Are You Able to Claim Some of the $88 Million in Abandoned TSP Funds?

By on April 12, 2015 in Current Events with 4 Comments

A reader, who wishes to remain anonymous, made an article suggestion recently. The suggestion reads, in part:

“The federal Thrift Savings Plan has tens of millions of dollars in unclaimed funds; and although it used to publish the listing of unclaimed account holders, it has stopped making the list of unclaimed fund holders available for searching….I suggest you do a story on this unclaimed money, which is just waiting for people (or their heirs/children) to get it.”

The TSP previously provided lists of unclaimed property holders or searching by abandoned accounts by name. The list of unclaimed property holders is no longer available but that does not mean those with unclaimed accounts are out of luck.

According to Kim Weaver, Director of the Office of External Affairs for the Federal Retirement Thrift Investment Board (FRTIB), “Having people scroll through a list of names of people who may have unclaimed money seemed unwise in this day and age of identity theft and hacking.  If a participant or possible beneficiary believes there is money in a TSP account, they can contact us through our call centers to get further information.  We would provide account information to participants and beneficiaries only after they provide appropriate information to validate their identity.”

There is currently $88,463,201.65 in abandoned funds in the Thrift Savings Plan (TSP).

The total amount abandoned in the TSP between 2010-2014: $262,351,230.43. Out of this amount, $193,788,972.57 was reclaimed by the investors who had been out of touch. The result is that there is still $68,562,257.86 in unclaimed TSP accounts from 2010 – 2014.

Two Categories of TSP Investors With No Activity

The Federal Retirement Thrift Investment Board maintains information on two categories of TSP investors who may not be paying much attention to their investment in the TSP funds.  The TSP tracks abandoned accounts (people over 70 ½ who have not made a withdrawal election) and inactive participants.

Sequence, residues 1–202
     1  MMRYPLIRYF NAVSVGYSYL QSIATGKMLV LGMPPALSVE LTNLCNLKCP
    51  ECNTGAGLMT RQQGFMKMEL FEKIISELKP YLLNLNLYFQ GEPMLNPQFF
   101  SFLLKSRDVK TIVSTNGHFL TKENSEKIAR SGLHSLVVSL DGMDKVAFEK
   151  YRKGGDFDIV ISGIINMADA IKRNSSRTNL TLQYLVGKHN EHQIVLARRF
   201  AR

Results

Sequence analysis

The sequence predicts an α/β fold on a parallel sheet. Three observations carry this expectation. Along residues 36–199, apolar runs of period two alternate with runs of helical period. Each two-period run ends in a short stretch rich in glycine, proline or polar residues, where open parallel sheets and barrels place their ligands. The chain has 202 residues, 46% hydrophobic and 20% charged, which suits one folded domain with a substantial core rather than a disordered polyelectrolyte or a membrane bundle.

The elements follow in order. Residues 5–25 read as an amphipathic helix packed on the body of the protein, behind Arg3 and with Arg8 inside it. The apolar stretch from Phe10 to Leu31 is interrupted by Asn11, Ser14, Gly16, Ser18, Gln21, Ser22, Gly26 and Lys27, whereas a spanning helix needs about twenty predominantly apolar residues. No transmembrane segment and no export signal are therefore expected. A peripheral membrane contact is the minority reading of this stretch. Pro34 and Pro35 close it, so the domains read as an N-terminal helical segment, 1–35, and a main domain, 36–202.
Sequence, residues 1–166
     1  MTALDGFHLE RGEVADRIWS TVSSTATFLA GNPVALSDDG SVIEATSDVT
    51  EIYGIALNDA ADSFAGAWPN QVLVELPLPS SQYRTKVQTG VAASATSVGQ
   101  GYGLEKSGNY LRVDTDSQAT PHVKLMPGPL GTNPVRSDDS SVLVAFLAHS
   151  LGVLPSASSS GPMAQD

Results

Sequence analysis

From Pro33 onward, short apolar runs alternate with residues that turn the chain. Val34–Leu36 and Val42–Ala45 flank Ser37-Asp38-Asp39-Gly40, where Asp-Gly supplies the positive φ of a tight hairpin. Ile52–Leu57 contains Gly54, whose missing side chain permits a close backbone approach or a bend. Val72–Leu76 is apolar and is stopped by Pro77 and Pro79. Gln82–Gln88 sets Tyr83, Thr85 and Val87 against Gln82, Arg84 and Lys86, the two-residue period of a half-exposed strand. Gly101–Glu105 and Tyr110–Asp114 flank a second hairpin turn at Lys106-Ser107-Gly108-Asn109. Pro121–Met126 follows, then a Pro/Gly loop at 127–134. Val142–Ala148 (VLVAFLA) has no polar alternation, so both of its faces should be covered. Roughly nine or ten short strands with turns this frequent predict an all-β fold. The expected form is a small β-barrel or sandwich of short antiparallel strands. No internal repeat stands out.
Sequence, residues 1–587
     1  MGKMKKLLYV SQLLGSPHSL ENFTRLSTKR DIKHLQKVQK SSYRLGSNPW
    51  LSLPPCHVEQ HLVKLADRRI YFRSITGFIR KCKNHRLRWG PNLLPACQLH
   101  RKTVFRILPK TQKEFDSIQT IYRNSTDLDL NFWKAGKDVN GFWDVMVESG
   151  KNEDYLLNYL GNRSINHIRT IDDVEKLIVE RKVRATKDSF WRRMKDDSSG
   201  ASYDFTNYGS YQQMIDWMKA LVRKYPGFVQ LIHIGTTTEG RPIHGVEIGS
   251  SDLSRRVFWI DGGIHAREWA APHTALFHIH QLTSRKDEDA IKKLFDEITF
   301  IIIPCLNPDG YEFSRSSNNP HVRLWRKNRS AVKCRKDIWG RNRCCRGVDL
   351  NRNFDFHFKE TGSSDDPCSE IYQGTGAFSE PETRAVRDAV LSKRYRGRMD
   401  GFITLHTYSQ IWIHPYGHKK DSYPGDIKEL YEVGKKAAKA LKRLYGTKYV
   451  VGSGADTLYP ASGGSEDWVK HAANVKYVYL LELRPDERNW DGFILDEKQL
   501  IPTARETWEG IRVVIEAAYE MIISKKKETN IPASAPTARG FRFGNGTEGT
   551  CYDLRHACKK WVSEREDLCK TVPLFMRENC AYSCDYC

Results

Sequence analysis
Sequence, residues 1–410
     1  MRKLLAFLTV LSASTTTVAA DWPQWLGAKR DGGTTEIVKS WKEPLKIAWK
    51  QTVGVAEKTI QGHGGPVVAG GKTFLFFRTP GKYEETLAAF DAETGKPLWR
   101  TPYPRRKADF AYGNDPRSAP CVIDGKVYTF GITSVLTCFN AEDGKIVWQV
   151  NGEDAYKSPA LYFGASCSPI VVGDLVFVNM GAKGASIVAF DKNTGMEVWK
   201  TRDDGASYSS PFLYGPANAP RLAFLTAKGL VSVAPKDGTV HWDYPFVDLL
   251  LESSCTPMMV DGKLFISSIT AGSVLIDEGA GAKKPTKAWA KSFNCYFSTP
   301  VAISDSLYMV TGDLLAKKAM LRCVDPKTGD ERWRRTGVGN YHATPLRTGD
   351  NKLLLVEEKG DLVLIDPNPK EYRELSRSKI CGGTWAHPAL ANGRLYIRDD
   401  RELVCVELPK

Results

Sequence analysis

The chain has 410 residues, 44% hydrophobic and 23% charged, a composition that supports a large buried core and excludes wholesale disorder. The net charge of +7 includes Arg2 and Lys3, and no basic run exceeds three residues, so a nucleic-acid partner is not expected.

Inactive participants are those with no activity in their account. This includes active CSRS and military participants who have terminated contributions or had them suspended because of hardship withdrawal, participants whose employing agencies have not submitted their separation status, and beneficiary participants.  An account without contribution activity is not unusual and does not result in an account being changed to the “abandoned” classification.

The most common reason money has not been claimed is that separated TSP participants fail to provide their latest address to the TSP.

Abandoned accounts arise for different reasons. The regulations of the FRTIB require participants who have not yet made a withdrawal choice by age 70 ½ to make a choice.  If the Board does not hear from a participant (after sending them letters telling them of the need to act), the account is considered “abandoned” and the investor is sent a letter to that effect.

Not surprisingly, the letter informing a participant that an account has fallen into the  abandoned category often prompts a response. The account is normally reclaimed and the account is fully restored.

About That $88 Million

$88 million is a great deal of money. To put this amount into perspective, there is now more than $450.6 billion in the Thrift Savings Plan. But, for someone living on an income that is relatively fixed, an extra few thousand or a few hundred dollars is worth taking the time to reclaim the money. It is not hard to track down the information if you think you may have unclaimed money in an abandoned account.

To contact the TSP, there is a toll-free number (1-877-968-3778) or 1-877-847-4385 for anyone with a hearing impairment. International callers can call (404) 233-4400 but this number is not toll-free. Additional contact information is available from the TSP website.

© 2016 Ralph R. Smith. All rights reserved. This article may not be reproduced without express written consent from Ralph R. Smith.

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About the Author

Ralph Smith has several decades of experience working with federal human resources issues. He has written extensively on a full range of human resources topics in books and newsletters and is a co-founder of two companies and several newsletters on federal human resources.

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